Fiji is an archipelago made up of more than 300 islands, located in south of the Pacific Ocean and seemingly cut off from other world by neverending water. Diving off Fiji means traveling a rather long way. Still, there’s a reason why Fiji is named the capital of soft corals; there’s such a huge variety of species, forms and colors that you just won’t find anywhere in the world and visibility can range up to 50 meters here! This is a place where you can take the best underwater pictures. If you’re an avid diving enthusiast and have never dreamed about Fiji, we’re not sure we believe you!

Climate conditions

Diving off Fiji is possible all year round. During summertime, which lasts from November to May, water temperature reach 30 degrees Celsius. Winter lasts from July to October, with the warmest water temperatures being 22 degrees Celsius. Fiji is famous for its clear water and great visibility (from 30 to 50 meters), which can still reach its maximum even during the winter season.

Rainbow Reef


Between the Vanua-Levy and Taveuni Islands is a reef boasting a spectacular array of full and vivid colors that’s likely to be the most beautiful reefs you’ve ever seen! The schools of reef fish lend to the spectacle, with surgeonfish, parrot-fish, barracudas and snappers among the teeming life of the reef. If you’ve ever seen truly striking and beautiful underwater pictures, it’s quite likely that they were taken at Rainbow Reef. There are many diving sites here, all adjacent to one other, with each offering opportunities to relish in the natural beauty so, no matter which dive site you choose, you’re bound to be excited by what you find!

The Great White Wall

23 meters down in the Somosomo bay, part of Rainbow Reef stretches downward and is known as the Great White Wall, with white-blue corals cover its entirety. It seems like some huge snowy mountain, with only the rustling of bubbles reminding you that you’re underwater. Striped angelfish, yellow zebra somas and pink anthiases appear rather striking against the white backdrop. The wall runs down 90 meters but, as the depth increases, the marine dwellers get smaller and the wall shifts from white to purple.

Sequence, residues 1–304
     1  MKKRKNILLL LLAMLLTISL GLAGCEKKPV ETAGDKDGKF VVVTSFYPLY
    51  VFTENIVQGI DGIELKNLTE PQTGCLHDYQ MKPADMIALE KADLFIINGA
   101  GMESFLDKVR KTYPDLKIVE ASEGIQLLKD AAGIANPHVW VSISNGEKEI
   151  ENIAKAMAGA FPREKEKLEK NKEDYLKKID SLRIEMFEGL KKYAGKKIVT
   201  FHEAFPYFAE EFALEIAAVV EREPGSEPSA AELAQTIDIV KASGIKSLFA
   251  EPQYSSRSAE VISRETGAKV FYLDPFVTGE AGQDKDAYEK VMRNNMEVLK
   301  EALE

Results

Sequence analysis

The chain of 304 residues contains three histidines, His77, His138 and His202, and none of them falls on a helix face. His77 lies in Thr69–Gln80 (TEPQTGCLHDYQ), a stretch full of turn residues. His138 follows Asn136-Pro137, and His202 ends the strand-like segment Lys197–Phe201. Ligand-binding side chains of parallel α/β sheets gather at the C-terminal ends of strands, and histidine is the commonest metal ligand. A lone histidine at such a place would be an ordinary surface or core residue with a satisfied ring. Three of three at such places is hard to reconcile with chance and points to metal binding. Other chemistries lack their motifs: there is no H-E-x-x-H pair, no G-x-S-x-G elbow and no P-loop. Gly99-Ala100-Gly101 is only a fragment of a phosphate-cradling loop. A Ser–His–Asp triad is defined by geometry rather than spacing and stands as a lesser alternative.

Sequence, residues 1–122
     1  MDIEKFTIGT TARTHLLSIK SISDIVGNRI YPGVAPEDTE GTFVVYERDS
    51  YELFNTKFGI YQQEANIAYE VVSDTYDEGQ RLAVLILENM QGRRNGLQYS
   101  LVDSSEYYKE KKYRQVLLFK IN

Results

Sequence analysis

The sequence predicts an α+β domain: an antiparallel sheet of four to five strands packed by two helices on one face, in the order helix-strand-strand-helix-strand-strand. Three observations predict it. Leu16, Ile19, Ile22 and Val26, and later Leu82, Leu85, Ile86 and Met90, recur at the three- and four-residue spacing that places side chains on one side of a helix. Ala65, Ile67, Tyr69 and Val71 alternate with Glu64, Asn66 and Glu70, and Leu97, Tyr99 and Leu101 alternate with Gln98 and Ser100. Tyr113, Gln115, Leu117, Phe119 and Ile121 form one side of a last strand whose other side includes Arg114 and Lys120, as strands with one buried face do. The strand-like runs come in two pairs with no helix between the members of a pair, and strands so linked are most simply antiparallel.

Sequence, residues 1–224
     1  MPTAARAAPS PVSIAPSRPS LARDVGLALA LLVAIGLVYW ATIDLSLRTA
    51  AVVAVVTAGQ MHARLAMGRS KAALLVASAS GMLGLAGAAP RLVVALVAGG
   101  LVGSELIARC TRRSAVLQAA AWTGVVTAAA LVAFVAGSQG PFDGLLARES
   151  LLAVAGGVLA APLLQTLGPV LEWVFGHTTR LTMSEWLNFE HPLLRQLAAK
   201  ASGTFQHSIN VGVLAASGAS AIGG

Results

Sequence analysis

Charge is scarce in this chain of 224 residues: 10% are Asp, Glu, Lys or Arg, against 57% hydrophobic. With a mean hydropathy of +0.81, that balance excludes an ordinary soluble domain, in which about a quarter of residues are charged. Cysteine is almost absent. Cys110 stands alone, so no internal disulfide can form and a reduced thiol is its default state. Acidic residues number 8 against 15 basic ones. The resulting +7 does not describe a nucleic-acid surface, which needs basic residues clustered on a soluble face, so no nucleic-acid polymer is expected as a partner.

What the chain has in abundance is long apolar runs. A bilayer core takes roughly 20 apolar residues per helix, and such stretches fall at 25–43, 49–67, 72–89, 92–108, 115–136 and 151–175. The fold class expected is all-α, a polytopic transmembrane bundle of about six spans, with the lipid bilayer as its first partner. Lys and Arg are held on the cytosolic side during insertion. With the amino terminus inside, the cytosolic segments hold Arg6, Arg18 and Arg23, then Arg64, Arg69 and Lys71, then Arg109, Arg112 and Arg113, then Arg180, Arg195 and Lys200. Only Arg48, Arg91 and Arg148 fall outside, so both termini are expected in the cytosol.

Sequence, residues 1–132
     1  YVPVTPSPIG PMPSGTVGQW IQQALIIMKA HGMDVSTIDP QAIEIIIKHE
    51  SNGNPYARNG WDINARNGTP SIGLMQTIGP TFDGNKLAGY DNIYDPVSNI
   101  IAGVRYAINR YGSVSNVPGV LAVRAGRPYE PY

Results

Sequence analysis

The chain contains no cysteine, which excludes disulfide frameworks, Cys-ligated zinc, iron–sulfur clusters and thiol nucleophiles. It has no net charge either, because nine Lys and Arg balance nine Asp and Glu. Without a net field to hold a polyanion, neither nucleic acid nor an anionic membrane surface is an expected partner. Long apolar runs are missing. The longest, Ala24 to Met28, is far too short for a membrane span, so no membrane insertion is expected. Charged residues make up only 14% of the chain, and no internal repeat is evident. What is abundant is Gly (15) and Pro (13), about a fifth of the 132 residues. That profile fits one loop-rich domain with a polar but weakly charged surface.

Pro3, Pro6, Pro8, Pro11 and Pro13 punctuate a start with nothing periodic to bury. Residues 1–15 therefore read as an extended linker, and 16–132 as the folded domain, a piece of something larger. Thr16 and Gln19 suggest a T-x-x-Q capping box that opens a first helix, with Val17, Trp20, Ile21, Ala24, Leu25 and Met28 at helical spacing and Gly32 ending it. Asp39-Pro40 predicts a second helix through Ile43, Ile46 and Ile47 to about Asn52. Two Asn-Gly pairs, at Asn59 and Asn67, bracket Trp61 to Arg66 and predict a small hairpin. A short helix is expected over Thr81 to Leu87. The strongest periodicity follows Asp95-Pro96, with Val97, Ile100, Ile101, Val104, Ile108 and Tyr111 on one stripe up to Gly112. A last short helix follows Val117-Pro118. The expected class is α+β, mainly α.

You ought to know that the beauty of Rainbow Reef and The Big White Wall can only be seen by experienced divers. Very strong currents run through these dive sites, so you should preferably  leave your boat with negative buoyancy (with an already deflated BCD) and straight dive to a depth of 15 meters. Local dive guides will offer more specific instructions about diving in the local currents.


South of Viti-Levu (the main island of Fiji) is an island chain known as Kadavu. Divers Come here first and foremost to visit the Great Astrolabe dive site, the third biggest barrier reef in the world. Its exterior is ideal for wall diving, while drift diving is best done in the Nagoro region. Hard and soft corals, anemones and sponges, change their colors and patterns like pieces of glass within a kaleidoscope. Here everything reaches its maximum: maximum color, maximum variety and maximum enjoyment! It’s no surprise that the Great Astrolabe is so beloved by photographers, videographers and marine biologists

Check out the dive site at Manta Point, where these huge creatures will offer you companionship as you explore their reef. Depths start at 5 meters and divers of any level will get their fill. In this region you can find all manner of varieties of marine life: from tiny nudibranchs to gorgeous humpback whales. Diving here is some of the best in the world so getting a diver’s certificate back home or at one of diving centers on Fiji will prove the correct decision.


Bull shark feeding show

If you are a real thrill seeker, your path leads to the Beqa Lagoon. There you can see a show that doesn’t just leave one with bright memories, but also a fair few grey hairs! Just think about it; this is a place where 20 to 80 species of bull sharks can be found in one place! Not only are these shark species famous for attacking people, but you’ll be viewing them without a cage!

The show takes place at a depth of 18 meters. Divers take their positions on the bottom and their guides, armed with steel poles, open a box containing fish heads. Within seconds, the heroes of this show are attracted to the smell. You can imagine what happens after that but they say a picture is worth a thousand words. Such close contact with sharks is always a big risk but your experienced guides will have studied these species and know how to best behave with them. Unquestioningly following their instructions is sure to guarantee your safety.



We always hear the phrase “the paradise for divers” with regards to various places and countries, but nobody seems able to definitively say exactly where that place is in actuality. But we are sure that diving on Fiji will set a high bar and you will invariably come to compare your future dives with what you saw here. Fiji is a paradise and Fiji is a dream; a dream waiting to be realised by anyone who wishes to go!